Editor’s note: Veteran entrepreneur and investor Donald Thompson is a regular contributor to WRAL TechWire. His columns are published on Wednesdays.
RALEIGH – Startups are hard work, beginning to end, but especially in those first few years when every decision feels like a make-or-break moment. Of course, the internet is overflowing with advice for how to survive your first year of business, but much of it comes from business analysts who are watching startups fail or succeed from outside. As a seasoned executive with two decades of experience leading and growing firms through multiple recessions, I’ll tell you: most of those articles offer only table stakes. From the inside, things are so much trickier.
No matter how much experience you have, as a leader, you have to stay nimble and responsive. Keep your eyes open for the best path forward, and be ready to move quickly. I won’t pretend to know what works for every business, but I will share what has worked for me in pushing past obstacles to build a foundation for success, despite the chaos of 2020.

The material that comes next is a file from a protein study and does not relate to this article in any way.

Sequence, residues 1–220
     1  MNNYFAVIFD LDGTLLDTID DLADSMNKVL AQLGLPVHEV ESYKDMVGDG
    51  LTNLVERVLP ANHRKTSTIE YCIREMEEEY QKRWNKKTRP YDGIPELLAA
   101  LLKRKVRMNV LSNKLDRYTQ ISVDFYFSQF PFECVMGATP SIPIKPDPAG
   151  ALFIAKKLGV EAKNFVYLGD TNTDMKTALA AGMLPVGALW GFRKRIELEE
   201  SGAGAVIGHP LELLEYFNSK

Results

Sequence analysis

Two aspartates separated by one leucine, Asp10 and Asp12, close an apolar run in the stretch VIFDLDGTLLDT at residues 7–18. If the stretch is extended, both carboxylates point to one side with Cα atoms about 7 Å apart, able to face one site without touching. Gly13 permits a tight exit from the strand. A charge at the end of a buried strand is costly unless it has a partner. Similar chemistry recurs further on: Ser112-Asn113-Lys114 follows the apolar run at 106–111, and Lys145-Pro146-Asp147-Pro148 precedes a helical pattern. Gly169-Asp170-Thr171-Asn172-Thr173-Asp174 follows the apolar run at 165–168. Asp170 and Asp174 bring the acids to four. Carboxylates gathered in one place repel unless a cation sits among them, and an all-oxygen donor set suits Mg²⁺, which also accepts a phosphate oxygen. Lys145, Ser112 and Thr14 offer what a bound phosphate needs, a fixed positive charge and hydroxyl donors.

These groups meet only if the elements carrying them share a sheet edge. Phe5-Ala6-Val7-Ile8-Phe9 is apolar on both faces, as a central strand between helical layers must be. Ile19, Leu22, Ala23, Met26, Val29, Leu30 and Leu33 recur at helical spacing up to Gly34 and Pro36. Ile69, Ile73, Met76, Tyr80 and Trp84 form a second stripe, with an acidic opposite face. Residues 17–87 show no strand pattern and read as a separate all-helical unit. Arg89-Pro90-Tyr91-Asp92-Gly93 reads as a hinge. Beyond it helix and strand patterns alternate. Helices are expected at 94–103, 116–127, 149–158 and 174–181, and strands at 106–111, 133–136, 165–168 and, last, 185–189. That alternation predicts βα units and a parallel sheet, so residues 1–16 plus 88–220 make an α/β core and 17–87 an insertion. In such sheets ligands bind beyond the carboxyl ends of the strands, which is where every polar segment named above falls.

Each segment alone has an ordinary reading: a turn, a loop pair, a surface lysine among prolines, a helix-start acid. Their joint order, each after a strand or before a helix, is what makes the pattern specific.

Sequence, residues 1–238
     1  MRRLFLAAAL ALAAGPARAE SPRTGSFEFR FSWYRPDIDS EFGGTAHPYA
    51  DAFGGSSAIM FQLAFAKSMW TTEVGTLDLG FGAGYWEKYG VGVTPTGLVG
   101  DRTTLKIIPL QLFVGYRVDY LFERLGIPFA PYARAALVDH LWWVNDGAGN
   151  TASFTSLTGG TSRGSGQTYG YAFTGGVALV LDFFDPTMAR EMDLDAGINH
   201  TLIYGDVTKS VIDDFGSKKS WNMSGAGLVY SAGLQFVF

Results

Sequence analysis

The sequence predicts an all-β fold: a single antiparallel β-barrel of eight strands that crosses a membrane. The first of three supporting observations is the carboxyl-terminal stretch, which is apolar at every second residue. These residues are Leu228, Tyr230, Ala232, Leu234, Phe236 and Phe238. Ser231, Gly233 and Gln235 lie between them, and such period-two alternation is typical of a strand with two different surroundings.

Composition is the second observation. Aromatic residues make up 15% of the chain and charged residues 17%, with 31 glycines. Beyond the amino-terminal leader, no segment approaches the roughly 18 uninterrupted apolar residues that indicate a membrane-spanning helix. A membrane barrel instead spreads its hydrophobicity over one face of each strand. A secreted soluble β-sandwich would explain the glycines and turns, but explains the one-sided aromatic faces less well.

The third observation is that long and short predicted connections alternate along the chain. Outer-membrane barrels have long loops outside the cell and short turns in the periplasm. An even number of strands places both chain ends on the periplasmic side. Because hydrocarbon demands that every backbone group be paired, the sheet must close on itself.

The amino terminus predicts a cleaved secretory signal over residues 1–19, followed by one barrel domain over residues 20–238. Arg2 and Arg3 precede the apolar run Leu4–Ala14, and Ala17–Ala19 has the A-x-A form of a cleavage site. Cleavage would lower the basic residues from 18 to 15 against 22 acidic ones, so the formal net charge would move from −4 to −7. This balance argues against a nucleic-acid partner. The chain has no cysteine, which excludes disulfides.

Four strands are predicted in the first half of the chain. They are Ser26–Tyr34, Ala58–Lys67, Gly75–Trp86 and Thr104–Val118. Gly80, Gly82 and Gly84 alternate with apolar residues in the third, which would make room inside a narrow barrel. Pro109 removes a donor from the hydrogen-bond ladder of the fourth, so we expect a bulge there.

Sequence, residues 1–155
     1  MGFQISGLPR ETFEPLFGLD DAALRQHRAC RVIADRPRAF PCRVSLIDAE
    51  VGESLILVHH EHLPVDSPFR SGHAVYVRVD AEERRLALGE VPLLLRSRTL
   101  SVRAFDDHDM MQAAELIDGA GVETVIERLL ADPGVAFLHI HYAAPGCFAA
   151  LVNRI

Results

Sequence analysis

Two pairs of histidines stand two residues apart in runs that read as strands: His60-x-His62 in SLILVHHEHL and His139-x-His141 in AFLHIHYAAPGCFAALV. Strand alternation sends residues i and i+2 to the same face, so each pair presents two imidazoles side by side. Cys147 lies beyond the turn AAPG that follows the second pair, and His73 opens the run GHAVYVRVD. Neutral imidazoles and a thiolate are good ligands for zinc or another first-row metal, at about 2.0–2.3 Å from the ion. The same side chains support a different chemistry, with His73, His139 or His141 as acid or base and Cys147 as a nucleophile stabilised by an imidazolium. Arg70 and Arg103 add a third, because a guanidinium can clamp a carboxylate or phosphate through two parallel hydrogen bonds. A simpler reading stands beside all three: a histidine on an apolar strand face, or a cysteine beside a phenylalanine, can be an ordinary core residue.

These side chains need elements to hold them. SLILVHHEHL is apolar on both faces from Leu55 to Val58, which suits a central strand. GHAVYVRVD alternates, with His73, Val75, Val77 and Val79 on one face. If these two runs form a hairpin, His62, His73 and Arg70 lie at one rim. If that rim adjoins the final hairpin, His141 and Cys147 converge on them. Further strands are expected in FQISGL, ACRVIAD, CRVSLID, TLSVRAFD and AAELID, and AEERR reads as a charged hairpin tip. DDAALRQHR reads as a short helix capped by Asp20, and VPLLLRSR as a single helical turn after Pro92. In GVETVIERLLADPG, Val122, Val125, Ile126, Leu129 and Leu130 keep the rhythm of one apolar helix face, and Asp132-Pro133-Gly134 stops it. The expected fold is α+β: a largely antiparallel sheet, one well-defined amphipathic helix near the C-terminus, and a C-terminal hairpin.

This is a topic I’m also exploring on The Donald Thompson Podcast, so I hope you’ll join me there as well.
Leave space for things that are outside your control
My team and I launched the The Diversity Movement (TDM) in fall 2019. I’ve been in the startup space multiple times throughout my career, and every journey is different. What I love about startups is their young and scrappy energy. They’re lean and resourceful. They force you to stay agile, and I like that sense of staying on my toes. Still, it’s difficult not to know what might be coming next.